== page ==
Comics should always be majority superhero tales. I don’t read a comic to see silly human drama played out on a printed page. I want to see high flying, punching through walls, blasting with Mjolinr, slicing with metal bones, teleporting through time craziness.

@Erwin Rafael: I understand what you are saying but what I mean is the DC/Marvel centric thrust of this article ignoring other publishers.I dont have top 5 list in front of me but in comparison to most of the dross on DC and Marvels list this year you would think Corey could come up with at least one example of indie superheros to illustrate his point. Actually it is a moot point since the bloom seems to be fading with Valiant as comic sales seem to be falling as we speak.The numbers from Comic Beat for both DC and Valiant are grim.

Matt Fraction is the new Warren Ellis. Everywhere I look people are falling over themselves to praise his work, but everything I’ve read has been “meh” or worse.

Granted, I haven’t read Hawkeye or Planetary, but are they really degrees of magnitude better than Mighty Thor, Invincible Iron Man, Fear Itself, Secret Avengers, Transmetropolitan, Doom 2099, or Nextwave?

Awards like the Eisners, Oscars, etc, aren’t about what books/movies are most popular. If you think Avengers was a better film than Argo, you are wrong. Was it more ENTERTAINING, sure, but based on artistic merit, and the art of filmmaking Argo and the other nominated films were much better. Likewise, if you think Justice League is a better comic than Prophet or Manhattan Projects, you are viewing it with an entirely different criteria than the Eisner judges. Award shows exist to recognize exemplary examples of art forms. Award shows take their particular art forms seriously, if you take most superhero stories seriously, you should notice they are entertaining fluff, every book’s plot is: A bad character want to do bad stuff, good guys will stop him, repeat ad infitium. If the best thing you can say about a comic is that you can see every muscle in Superman’s jaw, and there are lots of fights, then it is doing nothing to elevate itself from the rest of the shelf, and won’t be nominated for awards.
If you want to see the popularity award nominations, they are released every month, they’re called sales figures.

I really don’t put too much stock in these awards. I do liken them other awards where it is purely subjective. Are the best reviewed movies the biggest box office money earners? Not really. People go to the movies to be entertained and don’t always want something ‘critically’ perfect. Comics are much the same. I want to see superheroes, fantastic characters etc. A lot of the material on the list is boring. It is beyond me why people think so highly of Daredevil and Hawkeye; solid books – yes. Not something I want to buy (street thugs and the such? No thanks).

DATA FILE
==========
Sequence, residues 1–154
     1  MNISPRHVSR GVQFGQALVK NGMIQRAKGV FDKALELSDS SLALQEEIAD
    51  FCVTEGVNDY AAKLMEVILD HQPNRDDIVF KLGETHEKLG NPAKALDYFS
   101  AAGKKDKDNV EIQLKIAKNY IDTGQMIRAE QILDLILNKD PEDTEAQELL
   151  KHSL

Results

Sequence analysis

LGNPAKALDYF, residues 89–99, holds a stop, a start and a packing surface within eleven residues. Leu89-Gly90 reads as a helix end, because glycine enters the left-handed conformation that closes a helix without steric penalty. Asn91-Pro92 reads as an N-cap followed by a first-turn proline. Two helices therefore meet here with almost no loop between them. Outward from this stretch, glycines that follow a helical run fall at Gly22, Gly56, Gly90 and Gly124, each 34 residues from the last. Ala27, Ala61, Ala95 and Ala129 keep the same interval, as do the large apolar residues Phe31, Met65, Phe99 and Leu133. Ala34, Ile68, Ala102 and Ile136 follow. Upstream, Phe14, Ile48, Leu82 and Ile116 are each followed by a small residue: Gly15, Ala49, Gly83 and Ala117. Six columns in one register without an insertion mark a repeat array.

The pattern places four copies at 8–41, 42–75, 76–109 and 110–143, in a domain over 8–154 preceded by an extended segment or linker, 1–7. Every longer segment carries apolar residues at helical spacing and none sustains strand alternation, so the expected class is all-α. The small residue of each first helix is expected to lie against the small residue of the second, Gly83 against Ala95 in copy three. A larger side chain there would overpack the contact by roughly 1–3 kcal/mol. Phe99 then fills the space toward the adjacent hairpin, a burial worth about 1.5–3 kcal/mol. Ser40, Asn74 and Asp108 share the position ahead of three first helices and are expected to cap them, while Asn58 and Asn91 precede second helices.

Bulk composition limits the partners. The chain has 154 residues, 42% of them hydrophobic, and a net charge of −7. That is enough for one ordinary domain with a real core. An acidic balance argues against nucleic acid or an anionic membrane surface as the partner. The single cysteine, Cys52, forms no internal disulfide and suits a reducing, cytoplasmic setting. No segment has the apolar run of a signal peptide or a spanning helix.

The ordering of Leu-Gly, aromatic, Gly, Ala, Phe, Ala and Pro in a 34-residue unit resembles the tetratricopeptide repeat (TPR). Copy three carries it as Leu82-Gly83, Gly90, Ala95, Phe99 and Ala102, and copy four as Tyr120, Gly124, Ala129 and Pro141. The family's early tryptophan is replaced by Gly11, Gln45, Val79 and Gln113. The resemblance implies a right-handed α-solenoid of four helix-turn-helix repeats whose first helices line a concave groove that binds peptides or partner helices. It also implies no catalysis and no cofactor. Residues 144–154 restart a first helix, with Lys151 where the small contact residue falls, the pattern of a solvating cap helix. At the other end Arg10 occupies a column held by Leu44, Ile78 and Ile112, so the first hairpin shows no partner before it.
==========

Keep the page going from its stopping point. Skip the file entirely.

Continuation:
CBR should do a regular awards poll. Maybe an annual event that allows the people to vote.

Being nominated for a award does not automtically make something worth your time Just like not being nominated does not make something unworthy of your time.
Evil it may make me But I thought two of the best comics of the year were dr manhatten and mintemen. Would have loved some eisner love for those and how on earth does Gunslinger girl countinue not to get a best foreign material -Aisa Nomination?

I also think awards are unhealthy in that they are an attempt to decide the quality of something. There was a debate earliuer about superhero comics not being true “art”. Art can only be judged on an individual baisis in terms of your connection to the workand when it comes to entertainment products we need to be a little more welcoming when it comes to what others consider art. end rant

@Cyrus: but the Eisners never said that superhero comics can not be works fo art. The awards to Astonishing X-Men, Daredevil and All-Star Superman attest to that.

While I agree that non-superhero comics hace had a spectacular year, I think the Eisner judges are getting as insufferable as Oscar judges.

DC, I grant you, were for the most part awful this last year, but still had strong story titles like the afore-mentioned Batman by Capullo & Snyder as well as Aquaman by Geoff Johns and Peter Tomasi’s work on both Green Lantern Corps & Batman and Robin.

Marvel though, has been producing some of it’s strongest titles / runs in years. Jason Aaron’s Thor God of Thunder, Bendis’ All New X-Men & Jonathon Hickman’s Avengers stuff are all top quality with the artists to match. I’ve also been thoroughly impressed with Kathryn Immomen’s run on Journey into Mystery.

I for one ask, where’s the love?

If anyone got snubbed/robbed, it’s Sean Murphy and his stellar Punk Rock Jesus series.

@Lourne: if we put in the books you mentioned, who should we remove from the nominees?